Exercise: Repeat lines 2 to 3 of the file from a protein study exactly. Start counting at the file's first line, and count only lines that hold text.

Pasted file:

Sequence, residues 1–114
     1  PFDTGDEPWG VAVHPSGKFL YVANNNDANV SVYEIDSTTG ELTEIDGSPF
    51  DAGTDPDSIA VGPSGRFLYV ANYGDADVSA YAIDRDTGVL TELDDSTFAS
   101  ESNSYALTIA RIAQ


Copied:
     1  PFDTGDEPWG VAVHPSGKFL YVANNNDANV SVYEIDSTTG ELTEIDGSPF
    51  DAGTDPDSIA VGPSGRFLYV ANYGDADVSA YAIDRDTGVL TELDDSTFAS